Personally, I find myself somewhere in the middle of both extremes. Like most fair-minded Americans, I was disgusted by the ProPublica report and believe we need to take a close look at our tax code and how the megarich exploit loopholes like stocks-for-compensation the average person cannot. At the same time, I find a wealth-tax to be needlessly destructive if not unconstitutional and I don’t have a problem with people, however rich, spending their own money, however much, as they see fit. I also think there is truth to the claim that we broke the space barrier over 50 years ago and there’s nothing really new here. A rocket remains a rocket, albeit with better computers and a more efficient design.
Ultimately, that brings me back to what’s been bothering me about this all along: It all seems so impressively, fantastically pointless. Not uninspiring, just useless. I don’t doubt that some innovation will come from it, spending billions on technology usually produces ancillary benefits, but there’s a reason why NASA doesn’t launch rockets every day to send people past the upper atmosphere just for the fun of it: Other than the International Space Station, nothing is there except for empty space. The reason cheap air travel took off among the average consumer is simple: There were places to go and things to do. Normal people don’t fly because they like being on a plane. They fly because of the destination and what they want to see and do when they land.
Right now, however, flying to space for a scant few minutes is completely pointless. There’s literally nothing there for thousands upon thousands of miles. To be sure, Elon Musk does have the seed of a plan to send humanity to Mars. As he tells it, “You want to wake up in the morning and think the future is going to be great – and that’s what being a spacefaring civilization is all about. It’s about believing in the future and thinking that the future will be better than the past. And I can’t think of anything more exciting than going out there and being among the stars.” His company, Space-X, has been testing a craft known as Starship that they believe could ultimately make the 237 million mile voyage. Starship purports to be the world’s most powerful and reusable rocket, capable of carting 100 tons all the way to Mars and ultimately traveling back, but even Mr. Musk himself admits the trip isn’t for everyone. In April, he told Peter Diamandis that “A bunch of people will probably die.” “It’s uncomfortable. It’s a long journey, You might not come back alive.” “We won’t make anyone go,” he added. “Volunteers only.”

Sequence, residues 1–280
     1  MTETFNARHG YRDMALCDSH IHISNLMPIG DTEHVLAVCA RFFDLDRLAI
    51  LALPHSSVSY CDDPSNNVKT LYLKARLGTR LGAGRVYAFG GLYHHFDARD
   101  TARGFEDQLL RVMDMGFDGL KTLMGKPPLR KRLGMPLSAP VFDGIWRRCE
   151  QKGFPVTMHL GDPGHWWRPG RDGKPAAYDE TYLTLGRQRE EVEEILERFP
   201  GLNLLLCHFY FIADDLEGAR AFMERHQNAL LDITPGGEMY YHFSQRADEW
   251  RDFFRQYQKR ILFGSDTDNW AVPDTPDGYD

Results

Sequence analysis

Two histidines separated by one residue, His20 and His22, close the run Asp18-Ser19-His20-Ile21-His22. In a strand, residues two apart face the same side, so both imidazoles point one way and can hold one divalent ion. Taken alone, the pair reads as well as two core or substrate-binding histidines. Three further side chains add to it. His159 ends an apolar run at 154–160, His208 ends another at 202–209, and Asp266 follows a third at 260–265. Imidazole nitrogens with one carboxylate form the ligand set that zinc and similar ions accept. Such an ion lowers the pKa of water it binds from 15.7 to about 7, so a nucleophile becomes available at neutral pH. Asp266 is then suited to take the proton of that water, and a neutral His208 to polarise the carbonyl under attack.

Clearly, this Mission to Mars is a far cry from the promise of space tourism touted by Branson and Bezos, both of which are planning to sell tickets on their respective rockets with launches as soon as next year. Branson, for example, has formed Virgin Galactic aimed at well heeled travelers seeking a short, suborbital flight. The history of the effort hasn’t exactly been stellar, however. The original plan was to fly customers to space as early as 2007, but after a string of accidents, some of them fatal, they didn’t actually achieve an altitude of 51.4 miles above the Earth’s surface until 2018. Supposedly, they have hundreds of paying customers lined up, including celebrities like Tom Hanks, Angelina Jolie, Brad Pitt, Ashton Kutcher, and Katy Perry. “We hope to create thousands of astronauts over the next few years and bring alive their dream of seeing the majestic beauty of our planet from above, the stars in all their glory and the amazing sensation of weightlessness,” Branson said in September 2004. “The development will also allow every country in the world to have their own astronauts rather than the privileged few.”
Alas, this only brings us back to my primary concern: What then? I have little doubt they’ll sell a few thousand seats to the extremely rich, but given this is the same crowd that would spend $500,000 on a painting literally snorted by Hunter Biden that doesn’t really strike me as any kind of sustainable achievement. I don’t mean to suggest designing a rocket that can reach over 50 miles above the surface isn’t an achievement in its own right or that, if I had the funds, I wouldn’t be interested in going myself. Beyond that, however, what’s the point? Getting people into the upper atmosphere is one thing, building somewhere worth staying, something worth doing, and keeping a station in space running with both of those things is another matter entirely, all of which seems to me to be completely forgotten in the discussion.
Some might suggest that the plan is to excite people with these short trips, sell tickets, and use the funds for a next generation Space Casino, a Las Vegas of the Stars, but even then, designing, building, and staffing such a thing, assuming it was even possible to do safely, would easily take a decade or more. The novelty of these flights would surely have worn off by then, bringing us back to what then? I guess we’ll find out soon enough, but for now I have the unsettling feeling shared by some progressives that this is nothing more than a huge waste of time and money primarily for bragging rights. Granted, I’m not that passionate about it either way and a part of me will always think rockets are cool, but it would help if someone could illuminate us as to what the plan really is beyond a few minute joy ride and getting to say you’ve done it like the world’s largest bungie jump. Otherwise, that’s basically all we got.